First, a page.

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Understanding bail, bonds and others issues after an arrest

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There are a lot of things that can happen from the day a person is arrested through the day his or her case is ultimately resolved. If you are involved in the criminal justice system, knowing what to expect can help reduce the level of stress you are feeling.

No matter what charges you are facing, these basic points might help you to understand what is going on and what may happen next.

Bail versus bond

Bail is the amount of money that a court requires for you to post in order to be released from jail. The judge bases the amount of bail on a number of factors, including your criminal history, ties to the area and current charges.

The judge may require that you post the entire amount in cash or by signing over valuable assets. If you pay with cash or assets, those are returned to you if you appear in court as ordered. A bond is a promise to pay the full amount of bail if you don't appear in court as you are supposed to.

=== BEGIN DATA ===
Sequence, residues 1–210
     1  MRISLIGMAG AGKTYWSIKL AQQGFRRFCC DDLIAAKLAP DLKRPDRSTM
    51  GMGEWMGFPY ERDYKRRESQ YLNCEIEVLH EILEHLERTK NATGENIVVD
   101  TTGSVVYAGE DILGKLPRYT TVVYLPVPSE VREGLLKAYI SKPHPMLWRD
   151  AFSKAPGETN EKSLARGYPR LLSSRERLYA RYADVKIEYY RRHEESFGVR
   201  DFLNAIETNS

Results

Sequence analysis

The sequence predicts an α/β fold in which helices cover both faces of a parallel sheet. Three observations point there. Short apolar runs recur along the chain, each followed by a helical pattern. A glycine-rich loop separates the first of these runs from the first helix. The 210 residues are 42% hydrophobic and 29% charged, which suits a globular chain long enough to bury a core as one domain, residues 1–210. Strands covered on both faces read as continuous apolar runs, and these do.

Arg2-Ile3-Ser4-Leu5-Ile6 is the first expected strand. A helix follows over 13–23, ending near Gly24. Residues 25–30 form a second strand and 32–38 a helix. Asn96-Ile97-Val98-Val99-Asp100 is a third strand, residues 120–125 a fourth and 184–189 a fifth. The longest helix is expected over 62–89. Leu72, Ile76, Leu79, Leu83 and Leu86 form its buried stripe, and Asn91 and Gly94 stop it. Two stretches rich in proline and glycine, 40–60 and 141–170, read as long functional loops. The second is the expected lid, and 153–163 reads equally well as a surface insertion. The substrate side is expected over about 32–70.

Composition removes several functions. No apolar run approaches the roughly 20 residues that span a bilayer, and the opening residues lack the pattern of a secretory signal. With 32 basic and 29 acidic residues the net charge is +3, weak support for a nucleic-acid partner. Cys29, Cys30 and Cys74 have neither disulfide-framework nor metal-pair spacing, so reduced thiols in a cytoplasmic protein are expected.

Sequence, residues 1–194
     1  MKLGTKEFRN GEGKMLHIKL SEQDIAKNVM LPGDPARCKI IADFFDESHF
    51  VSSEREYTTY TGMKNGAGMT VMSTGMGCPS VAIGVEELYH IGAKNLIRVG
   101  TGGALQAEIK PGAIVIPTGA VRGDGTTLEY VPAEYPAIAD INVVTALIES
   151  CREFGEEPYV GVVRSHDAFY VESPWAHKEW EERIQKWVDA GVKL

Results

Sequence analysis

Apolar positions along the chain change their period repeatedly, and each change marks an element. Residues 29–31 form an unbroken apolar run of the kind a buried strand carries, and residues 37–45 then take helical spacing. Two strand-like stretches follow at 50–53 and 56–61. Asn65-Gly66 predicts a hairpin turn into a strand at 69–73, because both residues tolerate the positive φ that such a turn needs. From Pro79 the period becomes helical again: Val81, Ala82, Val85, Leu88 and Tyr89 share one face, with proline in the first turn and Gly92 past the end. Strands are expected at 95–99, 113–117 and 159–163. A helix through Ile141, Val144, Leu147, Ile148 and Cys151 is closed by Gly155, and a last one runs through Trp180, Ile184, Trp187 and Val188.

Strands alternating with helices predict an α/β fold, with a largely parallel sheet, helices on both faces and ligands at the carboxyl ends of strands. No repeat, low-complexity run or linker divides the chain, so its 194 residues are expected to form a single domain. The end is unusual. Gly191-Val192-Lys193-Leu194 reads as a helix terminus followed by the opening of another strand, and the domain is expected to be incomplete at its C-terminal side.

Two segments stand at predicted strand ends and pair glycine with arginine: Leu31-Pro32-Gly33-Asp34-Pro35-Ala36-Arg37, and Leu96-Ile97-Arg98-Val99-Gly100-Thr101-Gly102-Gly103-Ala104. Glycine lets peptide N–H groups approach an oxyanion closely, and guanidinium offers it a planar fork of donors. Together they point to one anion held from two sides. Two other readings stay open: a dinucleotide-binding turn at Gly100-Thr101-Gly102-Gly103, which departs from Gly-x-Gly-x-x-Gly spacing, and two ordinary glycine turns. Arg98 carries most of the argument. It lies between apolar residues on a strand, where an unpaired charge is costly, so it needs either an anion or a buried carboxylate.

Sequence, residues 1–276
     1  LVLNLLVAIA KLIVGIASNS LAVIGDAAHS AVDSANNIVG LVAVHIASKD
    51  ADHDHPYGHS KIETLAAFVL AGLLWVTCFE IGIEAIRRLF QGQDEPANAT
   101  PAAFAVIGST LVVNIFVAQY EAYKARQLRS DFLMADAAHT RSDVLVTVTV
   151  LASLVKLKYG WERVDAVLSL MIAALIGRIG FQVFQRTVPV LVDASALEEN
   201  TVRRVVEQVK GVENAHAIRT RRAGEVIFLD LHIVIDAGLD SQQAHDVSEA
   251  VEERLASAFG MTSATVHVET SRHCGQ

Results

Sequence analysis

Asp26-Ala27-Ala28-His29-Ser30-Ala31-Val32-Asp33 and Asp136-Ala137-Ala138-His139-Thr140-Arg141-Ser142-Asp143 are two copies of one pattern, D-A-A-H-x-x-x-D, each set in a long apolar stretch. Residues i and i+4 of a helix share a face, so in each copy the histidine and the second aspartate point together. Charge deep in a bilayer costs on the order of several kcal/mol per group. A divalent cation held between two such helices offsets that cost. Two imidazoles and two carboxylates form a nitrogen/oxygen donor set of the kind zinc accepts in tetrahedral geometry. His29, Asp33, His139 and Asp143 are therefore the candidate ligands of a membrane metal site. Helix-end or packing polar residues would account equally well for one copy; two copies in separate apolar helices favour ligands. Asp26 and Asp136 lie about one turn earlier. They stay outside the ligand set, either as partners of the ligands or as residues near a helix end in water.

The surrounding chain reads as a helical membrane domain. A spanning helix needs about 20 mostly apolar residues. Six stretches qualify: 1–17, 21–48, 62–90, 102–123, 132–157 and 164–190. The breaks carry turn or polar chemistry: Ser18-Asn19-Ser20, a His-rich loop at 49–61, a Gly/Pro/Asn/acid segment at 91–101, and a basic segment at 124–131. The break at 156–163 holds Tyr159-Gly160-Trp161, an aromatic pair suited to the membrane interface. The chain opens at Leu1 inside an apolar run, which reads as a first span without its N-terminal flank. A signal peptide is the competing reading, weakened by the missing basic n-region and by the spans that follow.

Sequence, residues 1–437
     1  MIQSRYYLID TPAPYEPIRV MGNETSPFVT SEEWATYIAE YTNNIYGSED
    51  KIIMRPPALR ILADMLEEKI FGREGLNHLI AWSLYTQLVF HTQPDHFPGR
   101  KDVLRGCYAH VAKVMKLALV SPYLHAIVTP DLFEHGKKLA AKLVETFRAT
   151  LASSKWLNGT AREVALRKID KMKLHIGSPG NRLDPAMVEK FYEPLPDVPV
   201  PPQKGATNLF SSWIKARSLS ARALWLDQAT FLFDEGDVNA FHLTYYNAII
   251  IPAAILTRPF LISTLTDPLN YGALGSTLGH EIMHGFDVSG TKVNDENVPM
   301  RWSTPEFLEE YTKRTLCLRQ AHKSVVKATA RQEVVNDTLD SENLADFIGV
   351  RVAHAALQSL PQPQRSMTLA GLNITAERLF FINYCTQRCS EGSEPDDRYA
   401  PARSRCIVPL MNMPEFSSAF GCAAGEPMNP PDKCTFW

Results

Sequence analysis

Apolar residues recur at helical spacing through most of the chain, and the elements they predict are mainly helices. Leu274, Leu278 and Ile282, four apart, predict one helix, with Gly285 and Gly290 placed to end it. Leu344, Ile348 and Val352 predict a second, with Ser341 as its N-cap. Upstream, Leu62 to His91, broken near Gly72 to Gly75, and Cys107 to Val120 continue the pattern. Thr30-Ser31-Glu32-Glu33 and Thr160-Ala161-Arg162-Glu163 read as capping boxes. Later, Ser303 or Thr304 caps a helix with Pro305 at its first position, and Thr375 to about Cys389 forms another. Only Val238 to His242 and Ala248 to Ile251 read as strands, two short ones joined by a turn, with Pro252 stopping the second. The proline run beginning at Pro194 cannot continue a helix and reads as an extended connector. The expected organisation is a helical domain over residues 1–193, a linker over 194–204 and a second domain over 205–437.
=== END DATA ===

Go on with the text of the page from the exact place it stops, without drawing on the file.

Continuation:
Using a bail bondsman

You may use a bail bondsman in certain circumstances. A bail bondsman works with the court system to help people get out of jail for less money. He or she requires you to put down a certain percentage of the bail amount. While this allows you to be released from jail, you won't get this money back at the end of your case.

What is "own recognizance?"

Another option that occurs in some cases is that a judge will allow you to be release on your own recognizance. This means that you will sign a document swearing that you will attend all court dates, and you don't have to pay any money to get out.

Plea bargains versus a jury trial

Most criminal cases are resolved through plea bargains. This is a process in which you and your criminal defense attorney and the prosecution come to an agreement about the charges against you and your possible sentence. The judge presiding over your case will have to approve the plea bargain and handle the official sentencing.

If you don't have a plea deal and opt to take your case to court, you will have either a jury trial or you might be able to request a bench trial. A jury trial occurs in front of a jury of your peers who will hear the case and determine whether you are guilty or not guilty. A bench trial means that the judge hears the evidence and determines the outcome of your case.

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